Home Scuba News Brighton BSAC commemorate 100th anniversary of Pentyrch sinking

Brighton BSAC commemorate 100th anniversary of Pentyrch sinking

On the 100th anniversary, Brighton BSAC placed a commemorative wooden plaque on the Pentyrch to remember John Snowdon Liddle, as well as the more than 18 million people killed during World War One.

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100 years ago, on 18 April 1918, the SS Pentyrch was hit in the rear of the engine room by a torpedo from the German submarine UB-40. She is reported to have sunk quickly and although most of her crew managed to escape, one was killed.

On the 100th anniversary, Brighton BSAC placed a commemorative wooden plaque on the ship to remember John Snowdon Liddle, as well as the more than 18 million people killed during World War One.

Submarine UB-40 was scuttled later that year in October 1918, during the German retreat from Belgium.

John Snowdon Liddle died when the SS Pentyrch was sunk. He was a ‘Donkeyman’ on the ship, ‘donkey’ referring to the boiler of the steamship’s engine. It was his job to stoke, maintain and grease the engine. The torpedo fired by the German submarine UB-40 hit to the rear of the engine room. John Liddle was likely killed as a result of this part of the ship’s hull being breached.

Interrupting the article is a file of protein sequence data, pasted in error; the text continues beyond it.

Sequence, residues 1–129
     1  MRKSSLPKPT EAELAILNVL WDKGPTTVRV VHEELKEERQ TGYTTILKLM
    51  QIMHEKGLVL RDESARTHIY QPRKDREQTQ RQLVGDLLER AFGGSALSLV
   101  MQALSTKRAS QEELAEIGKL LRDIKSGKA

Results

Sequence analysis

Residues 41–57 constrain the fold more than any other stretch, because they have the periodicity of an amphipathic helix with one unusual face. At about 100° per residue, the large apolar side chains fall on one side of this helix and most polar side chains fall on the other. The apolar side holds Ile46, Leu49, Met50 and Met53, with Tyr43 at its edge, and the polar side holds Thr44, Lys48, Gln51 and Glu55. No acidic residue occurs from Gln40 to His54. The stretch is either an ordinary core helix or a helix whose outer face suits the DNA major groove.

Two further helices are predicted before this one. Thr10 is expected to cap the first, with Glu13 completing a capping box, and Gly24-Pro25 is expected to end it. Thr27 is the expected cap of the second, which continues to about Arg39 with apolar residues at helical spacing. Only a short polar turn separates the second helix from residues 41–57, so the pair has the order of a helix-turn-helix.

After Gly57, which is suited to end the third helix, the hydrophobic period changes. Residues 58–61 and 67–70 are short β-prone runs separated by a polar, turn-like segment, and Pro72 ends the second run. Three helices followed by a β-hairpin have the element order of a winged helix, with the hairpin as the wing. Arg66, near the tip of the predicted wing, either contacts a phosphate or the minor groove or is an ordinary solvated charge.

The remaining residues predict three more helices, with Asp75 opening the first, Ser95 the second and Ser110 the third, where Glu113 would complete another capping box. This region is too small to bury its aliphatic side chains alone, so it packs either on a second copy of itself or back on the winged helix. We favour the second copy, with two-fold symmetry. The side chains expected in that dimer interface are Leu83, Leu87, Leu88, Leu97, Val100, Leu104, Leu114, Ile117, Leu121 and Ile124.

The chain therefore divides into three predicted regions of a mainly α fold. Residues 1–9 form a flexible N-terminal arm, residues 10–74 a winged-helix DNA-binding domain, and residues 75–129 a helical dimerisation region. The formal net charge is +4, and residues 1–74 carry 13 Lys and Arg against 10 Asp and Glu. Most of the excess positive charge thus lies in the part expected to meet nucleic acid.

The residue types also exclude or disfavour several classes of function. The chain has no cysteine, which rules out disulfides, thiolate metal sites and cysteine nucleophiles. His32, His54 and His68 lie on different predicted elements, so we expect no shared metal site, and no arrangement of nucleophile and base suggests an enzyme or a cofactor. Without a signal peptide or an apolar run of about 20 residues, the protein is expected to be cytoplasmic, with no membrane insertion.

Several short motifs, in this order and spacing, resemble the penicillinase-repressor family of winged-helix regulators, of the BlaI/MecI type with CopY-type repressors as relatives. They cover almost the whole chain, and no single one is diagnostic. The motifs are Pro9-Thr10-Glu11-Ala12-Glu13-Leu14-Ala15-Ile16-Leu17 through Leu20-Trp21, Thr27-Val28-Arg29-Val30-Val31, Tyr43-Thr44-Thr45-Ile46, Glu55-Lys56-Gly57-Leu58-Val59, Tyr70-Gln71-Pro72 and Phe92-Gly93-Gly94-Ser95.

He is remembered on the Tower Hill Memorial, along with the 17,000 merchant mariners killed during the conflict.

Plaque above water

The SS Pentyrch (pronounced pent-earch, as in ear) was built in 1899. Originally named SS Bardsey, she had a tonnage of more than 3,300 and was more than 100 metres long. She was later sold and renamed after a village near Cardiff. During the war, she was armed with a 4.7-inch gun on her stern and shipped coal from Britain to ports on mainland Europe’s Mediterranean coast.

In 1916, she was attacked in the Mediterranean by a German submarine but escaped with minimal damage and no serious injuries. She was less fortunate in April 1918. Her last voyage was from South Shields to Genoa, during which she was intercepted by UB-40 in the English Channel a few miles off the coast from Shoreham.

The wreck now exists as an artificial reef on a muddy/sandy seabed. The ship is covered in anemones and corals, large conger eels shelter within the twisted wreckage, and large schools of fish can be seen swimming around her.

Steve Martin, Diving Officer, said: “Although conditions were challenging after a recent Atlantic storm, we safely and successfully managed to place the plaque on the wreck of the ship. This was a particularly poignant dive, being 100 years to the day since she was sunk during World War One.”

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Mark Evans
Mark Evans
Scuba Diver's Editor-in-Chief Mark Evans has been in the diving industry for nearly 25 years, and has been diving since he was just 12 years old. 30-odd years later and he is still addicted to the underwater world.

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